ECM: seize the day, the time is now
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ECM: seize the day, the time is now

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Equity capital markets need to buy the rumour and sell the fact

Europe’s equity capital market is rife with expectation of a rebound this year. The market has been hoping for a way out of the deep freeze that has suppressed it for the past two years. The time is now, and there is no time to waste.

So far, although US and European share prices have been on a tear since late October, equity issuers are holding back.

While bond markets are bubbling with activity, ECM is almost as sluggish this January as last.

Issuers have deals to bring. In GlobalCapital’s ECM outlook survey for 2024, half of respondents expected IPO volumes to be at least 20% higher than last year, and two-thirds foresaw a boost of at least 10%.

They said there was a heavy pipeline of flotations in Europe and the UK — including that of Athens International Airport, priced yesterday — and a better interest rate environment.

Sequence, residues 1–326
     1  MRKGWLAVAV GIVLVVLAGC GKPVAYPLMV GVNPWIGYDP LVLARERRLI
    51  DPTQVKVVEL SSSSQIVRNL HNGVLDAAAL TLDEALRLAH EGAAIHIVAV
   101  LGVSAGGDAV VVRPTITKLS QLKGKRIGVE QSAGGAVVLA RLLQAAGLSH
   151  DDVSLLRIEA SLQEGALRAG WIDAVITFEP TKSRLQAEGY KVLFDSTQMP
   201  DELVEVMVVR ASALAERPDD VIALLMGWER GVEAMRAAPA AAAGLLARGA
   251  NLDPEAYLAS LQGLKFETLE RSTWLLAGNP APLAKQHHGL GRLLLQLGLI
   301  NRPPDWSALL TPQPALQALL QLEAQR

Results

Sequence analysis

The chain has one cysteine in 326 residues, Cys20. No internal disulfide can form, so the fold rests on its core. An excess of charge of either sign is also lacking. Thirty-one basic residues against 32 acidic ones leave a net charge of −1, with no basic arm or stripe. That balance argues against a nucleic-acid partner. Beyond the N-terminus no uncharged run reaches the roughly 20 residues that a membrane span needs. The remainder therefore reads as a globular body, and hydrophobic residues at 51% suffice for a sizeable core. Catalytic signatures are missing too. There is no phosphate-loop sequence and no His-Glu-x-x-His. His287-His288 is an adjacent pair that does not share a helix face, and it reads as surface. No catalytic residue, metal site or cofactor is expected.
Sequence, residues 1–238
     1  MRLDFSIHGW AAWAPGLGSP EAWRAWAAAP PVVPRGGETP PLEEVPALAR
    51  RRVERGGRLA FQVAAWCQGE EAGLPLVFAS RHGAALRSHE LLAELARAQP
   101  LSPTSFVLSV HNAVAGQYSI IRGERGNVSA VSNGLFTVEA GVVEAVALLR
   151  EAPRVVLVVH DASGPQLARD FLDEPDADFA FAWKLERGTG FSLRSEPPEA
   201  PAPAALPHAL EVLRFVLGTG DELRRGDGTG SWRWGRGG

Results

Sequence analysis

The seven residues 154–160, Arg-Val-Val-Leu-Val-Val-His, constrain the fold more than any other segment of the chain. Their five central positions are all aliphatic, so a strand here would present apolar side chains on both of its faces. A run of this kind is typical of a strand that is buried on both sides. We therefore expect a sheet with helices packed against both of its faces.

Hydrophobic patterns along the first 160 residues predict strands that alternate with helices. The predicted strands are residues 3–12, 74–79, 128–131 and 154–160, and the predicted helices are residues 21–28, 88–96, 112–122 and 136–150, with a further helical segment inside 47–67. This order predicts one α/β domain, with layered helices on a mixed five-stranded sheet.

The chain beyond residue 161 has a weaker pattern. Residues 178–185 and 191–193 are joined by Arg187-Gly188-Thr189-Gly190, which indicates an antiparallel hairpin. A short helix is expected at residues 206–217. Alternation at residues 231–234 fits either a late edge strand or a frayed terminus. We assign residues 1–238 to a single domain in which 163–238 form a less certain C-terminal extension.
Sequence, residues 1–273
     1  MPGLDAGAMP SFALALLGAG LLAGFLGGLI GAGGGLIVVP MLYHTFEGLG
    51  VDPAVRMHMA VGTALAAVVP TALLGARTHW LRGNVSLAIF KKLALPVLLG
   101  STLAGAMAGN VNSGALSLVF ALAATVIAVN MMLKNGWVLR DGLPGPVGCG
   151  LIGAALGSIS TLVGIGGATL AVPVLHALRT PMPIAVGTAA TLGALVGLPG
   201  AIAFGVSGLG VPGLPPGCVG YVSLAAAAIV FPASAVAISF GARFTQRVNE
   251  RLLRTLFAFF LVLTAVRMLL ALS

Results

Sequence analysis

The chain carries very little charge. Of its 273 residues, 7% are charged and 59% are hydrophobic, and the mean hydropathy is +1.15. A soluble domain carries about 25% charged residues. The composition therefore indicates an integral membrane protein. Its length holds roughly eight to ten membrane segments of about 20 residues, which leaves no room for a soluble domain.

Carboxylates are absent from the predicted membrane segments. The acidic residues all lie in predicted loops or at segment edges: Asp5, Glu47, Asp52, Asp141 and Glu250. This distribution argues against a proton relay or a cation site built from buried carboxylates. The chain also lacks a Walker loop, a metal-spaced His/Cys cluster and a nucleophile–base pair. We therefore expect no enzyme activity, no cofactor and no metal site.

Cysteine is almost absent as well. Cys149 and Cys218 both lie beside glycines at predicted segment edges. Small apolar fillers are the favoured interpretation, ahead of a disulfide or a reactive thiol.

Investors are also “starved of paper” at the start of a new year, as one banker put it. Risk appetite is hearty, and that has shown up well in the few deals that have been done, notably block trades. Books have been well covered, discounts tight and aftermarkets generally compliant.

The size-weighted average discount in the EMEA blocks market was remarkably consistent last year, according to GlobalCapital analysis of Dealogic data, with average discounts between 5.1% and 5.5% every quarter. This year so far, on the $3.1bn-equivalent of blocks that have been traded, the weighted average discount is 4.3%.

Despite all these fine signs, bankers say many companies are waiting to issue, until central banks press ahead with interest rate cuts, which they hope will drive stock prices up even further.

But as one ECM banker pointed out this week, the good thing about equity markets is that they don’t necessarily need an economic boom — they only really need the prospect of one.

Issuers, then, already have what they need to get going.

But in a year like this, tiptoeing around the market looking for the perfect window is taking a gamble. The events, political and economic, that could trip the market up and spoil the opportunity are legion. Issuers should recognise what is available here and now and take full advantage of it while they can.

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